Torrential rain yesterday caused massive flight delays, forced partial closure of the Guangzhou-Shenzhen Expressway for three hours, and flooded more than 100 areas in Shenzhen. No casualties were reported.
The heavy rain, said to be the strongest since 2008, prompted the city’s meteorological observatory to issue a red alert at 1 p.m. yesterday — the second-highest level of a five-level warning system.
Yesterday city monitoring stations recorded an average of 194.7 millimeters of rainfall. In some areas, the rainfall reached 300 millimeters. The heaviest downpour was in Longhua New Area, where 430.7 millimeters had fallen by 7 p.m., the observatory said. It forecasted rainfall to ease at 10 p.m. yesterday.
By 6 p.m. yesterday, the city had received 100 flood reports and traffic police had helped rescue 1,877 vehicles trapped in floods.
The Window of the World section of Shennan Boulevard was seriously congested. Traffic on 107 National Highway and on other roads in Nanshan District was at a complete standstill, according to Shenzhen police.
The heavy rain caused cancellation of 48 flights at the Shenzhen airport, which launched an emergency plan yesterday afternoon. The rain also forced 20 flights to land in Guangzhou and Xiamen by 4 p.m. yesterday, according to airport officials. About 30 flights were delayed by more than one hour.
The rain also caused suspension of bullet trains between Shenzhen and Guangzhou that departed after 2:43 p.m.
As the Nantou area was flooded by rain, tollgates at Nantou, Futian and Huanggang on the Guangzhou-Shenzhen Expressway were closed for three hours till 6:45 p.m.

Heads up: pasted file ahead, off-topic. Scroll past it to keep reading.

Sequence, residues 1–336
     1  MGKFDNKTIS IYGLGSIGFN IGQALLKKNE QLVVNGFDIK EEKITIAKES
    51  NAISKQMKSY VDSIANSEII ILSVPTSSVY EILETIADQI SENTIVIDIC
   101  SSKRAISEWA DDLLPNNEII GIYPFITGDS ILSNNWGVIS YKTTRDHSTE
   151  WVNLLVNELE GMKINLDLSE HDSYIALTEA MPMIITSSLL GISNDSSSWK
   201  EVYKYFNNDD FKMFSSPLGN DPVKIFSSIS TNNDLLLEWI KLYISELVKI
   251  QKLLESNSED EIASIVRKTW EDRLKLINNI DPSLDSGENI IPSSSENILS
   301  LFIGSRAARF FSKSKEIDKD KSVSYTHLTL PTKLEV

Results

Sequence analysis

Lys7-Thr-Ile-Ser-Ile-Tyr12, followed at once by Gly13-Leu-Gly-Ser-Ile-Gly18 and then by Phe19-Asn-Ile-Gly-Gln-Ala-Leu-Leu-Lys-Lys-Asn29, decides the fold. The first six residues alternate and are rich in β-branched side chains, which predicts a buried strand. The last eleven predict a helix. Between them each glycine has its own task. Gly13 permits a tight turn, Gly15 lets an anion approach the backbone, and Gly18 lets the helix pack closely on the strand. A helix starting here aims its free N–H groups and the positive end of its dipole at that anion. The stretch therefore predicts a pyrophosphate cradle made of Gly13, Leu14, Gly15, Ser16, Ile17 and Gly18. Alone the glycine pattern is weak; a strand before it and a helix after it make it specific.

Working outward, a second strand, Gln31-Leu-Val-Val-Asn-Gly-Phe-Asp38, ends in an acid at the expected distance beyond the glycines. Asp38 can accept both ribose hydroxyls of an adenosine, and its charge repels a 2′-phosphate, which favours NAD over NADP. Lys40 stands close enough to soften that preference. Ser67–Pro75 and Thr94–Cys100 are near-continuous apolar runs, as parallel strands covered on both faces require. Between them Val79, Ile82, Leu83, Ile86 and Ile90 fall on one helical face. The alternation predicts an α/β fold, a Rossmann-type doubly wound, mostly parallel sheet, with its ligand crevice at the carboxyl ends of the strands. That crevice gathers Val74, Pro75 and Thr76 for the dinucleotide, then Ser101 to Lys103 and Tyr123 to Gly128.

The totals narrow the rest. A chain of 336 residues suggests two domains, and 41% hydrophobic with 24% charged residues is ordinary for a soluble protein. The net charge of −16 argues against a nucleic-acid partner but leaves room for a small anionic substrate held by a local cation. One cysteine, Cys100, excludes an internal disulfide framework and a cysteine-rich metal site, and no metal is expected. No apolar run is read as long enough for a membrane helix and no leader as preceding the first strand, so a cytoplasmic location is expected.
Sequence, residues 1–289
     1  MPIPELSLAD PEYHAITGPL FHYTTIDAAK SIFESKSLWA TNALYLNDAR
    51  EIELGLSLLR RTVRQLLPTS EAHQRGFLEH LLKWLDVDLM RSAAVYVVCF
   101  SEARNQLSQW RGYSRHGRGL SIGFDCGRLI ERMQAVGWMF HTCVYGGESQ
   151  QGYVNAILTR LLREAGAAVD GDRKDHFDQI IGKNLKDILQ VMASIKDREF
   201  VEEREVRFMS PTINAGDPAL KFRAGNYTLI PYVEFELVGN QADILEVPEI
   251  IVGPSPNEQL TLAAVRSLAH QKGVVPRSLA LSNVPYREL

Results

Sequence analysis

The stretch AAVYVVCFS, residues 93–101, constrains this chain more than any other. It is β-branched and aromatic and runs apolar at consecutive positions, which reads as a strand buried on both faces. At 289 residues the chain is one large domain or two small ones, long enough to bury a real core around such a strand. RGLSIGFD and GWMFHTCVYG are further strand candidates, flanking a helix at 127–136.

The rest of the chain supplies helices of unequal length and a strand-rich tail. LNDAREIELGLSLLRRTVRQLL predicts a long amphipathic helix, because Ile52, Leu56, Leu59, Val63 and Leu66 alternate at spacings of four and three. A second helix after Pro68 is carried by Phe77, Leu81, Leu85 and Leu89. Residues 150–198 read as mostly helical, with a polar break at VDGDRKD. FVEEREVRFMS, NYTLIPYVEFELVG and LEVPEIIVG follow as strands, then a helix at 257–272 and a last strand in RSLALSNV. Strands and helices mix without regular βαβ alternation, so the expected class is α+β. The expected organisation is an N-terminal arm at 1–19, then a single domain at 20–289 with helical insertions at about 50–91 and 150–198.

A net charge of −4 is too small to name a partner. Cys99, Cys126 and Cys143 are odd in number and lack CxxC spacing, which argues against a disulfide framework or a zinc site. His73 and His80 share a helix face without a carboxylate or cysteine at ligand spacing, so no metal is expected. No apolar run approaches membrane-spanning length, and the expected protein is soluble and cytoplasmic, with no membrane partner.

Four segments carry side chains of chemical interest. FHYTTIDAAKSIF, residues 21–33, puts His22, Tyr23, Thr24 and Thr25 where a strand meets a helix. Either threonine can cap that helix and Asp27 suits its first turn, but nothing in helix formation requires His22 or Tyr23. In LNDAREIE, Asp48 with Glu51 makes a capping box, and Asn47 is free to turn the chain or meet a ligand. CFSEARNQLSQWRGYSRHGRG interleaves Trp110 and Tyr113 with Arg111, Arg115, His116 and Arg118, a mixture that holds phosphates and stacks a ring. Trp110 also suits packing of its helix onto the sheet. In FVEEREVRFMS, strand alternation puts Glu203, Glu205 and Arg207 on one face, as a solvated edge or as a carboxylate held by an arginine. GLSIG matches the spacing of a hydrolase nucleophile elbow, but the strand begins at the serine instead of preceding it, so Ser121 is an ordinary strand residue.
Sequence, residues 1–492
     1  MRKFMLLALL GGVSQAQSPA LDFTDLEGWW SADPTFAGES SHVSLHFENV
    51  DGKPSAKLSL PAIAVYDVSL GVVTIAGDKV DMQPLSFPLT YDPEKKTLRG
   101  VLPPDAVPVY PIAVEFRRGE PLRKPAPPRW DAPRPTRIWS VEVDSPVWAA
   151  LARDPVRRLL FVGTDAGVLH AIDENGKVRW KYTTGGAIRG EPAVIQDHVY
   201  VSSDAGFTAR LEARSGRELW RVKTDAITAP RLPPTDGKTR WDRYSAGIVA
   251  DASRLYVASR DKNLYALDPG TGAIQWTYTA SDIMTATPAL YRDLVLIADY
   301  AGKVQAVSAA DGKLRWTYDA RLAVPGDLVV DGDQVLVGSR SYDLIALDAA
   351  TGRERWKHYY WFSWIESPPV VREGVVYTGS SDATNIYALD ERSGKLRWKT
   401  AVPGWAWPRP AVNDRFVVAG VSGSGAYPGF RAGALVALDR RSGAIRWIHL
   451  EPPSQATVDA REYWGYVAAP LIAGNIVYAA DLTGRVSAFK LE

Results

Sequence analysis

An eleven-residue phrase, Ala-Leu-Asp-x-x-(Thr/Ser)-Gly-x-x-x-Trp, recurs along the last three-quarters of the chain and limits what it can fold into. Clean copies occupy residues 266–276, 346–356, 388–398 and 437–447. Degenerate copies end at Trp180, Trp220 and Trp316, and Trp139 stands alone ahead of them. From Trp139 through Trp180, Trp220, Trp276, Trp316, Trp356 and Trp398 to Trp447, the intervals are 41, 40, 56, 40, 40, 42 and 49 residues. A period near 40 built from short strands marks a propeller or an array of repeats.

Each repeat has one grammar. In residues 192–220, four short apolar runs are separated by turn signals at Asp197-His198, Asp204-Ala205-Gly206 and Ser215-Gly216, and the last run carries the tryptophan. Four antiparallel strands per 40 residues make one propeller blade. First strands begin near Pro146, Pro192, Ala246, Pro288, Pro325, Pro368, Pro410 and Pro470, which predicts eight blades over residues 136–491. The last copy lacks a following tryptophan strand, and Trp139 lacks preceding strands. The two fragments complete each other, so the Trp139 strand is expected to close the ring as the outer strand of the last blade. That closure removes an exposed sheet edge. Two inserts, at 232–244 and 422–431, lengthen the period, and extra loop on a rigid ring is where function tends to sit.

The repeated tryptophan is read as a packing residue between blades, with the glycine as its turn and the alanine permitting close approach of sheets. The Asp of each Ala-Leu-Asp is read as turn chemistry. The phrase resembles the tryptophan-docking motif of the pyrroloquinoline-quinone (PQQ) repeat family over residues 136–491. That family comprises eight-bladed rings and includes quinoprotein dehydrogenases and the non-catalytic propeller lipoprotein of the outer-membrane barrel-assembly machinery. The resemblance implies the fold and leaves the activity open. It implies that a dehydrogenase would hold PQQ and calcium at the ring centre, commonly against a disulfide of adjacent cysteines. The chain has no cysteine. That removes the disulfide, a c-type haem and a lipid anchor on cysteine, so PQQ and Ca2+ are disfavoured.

Passengers at Shenzhen International Airport Have to Wear Raincoat
Parking Lot at Shenzhen International Airport
The intense downpours that have soaked the city since Sunday overflowed drainage systems at Shenzhen International Airport, where water flooded into underground parking garages and other areas on March 31th.
The airport area in Bao’an District had recorded 284 millimeters of rainfall as of yesterday, the heaviest total from a local storm so far this year.
Airport authorities said yesterday that there were no problems with its internal water drainage system but acknowledged sporadic leaks inside the new terminal, which opened in November.
“We have found 168 leaky spots since heavy rain last December and have taken measures to prevent leaks,” airport spokespersons posted online. “This time, there are about 20 leaky spots and we will solve the problem after the rain stops.”
The statements came after photos circulating online showed water pouring from ceilings in scenes described by many travelers as “waterfalls” in different parts of the airport, including escalators, underground parking garages, walkways and access roads.
Some criticized the airport’s new terminal — the largest project in the city’s history and built at a cost of about 8.5 billion yuan (US$1.4 billion) — calling it a shoddy project with flawed design. Some passengers and netizens speculated about whether the leaks were a result of substandard construction practices.
The airport said on its official microblog Sunday evening that the leaks had been stopped, the water had been cleaned up and operations at all affected facilities had been resumed.
The rainstorms also caused cancellations or delays for hundreds of flights Sunday and yesterday, stranding up to 5,000 travelers in the airport.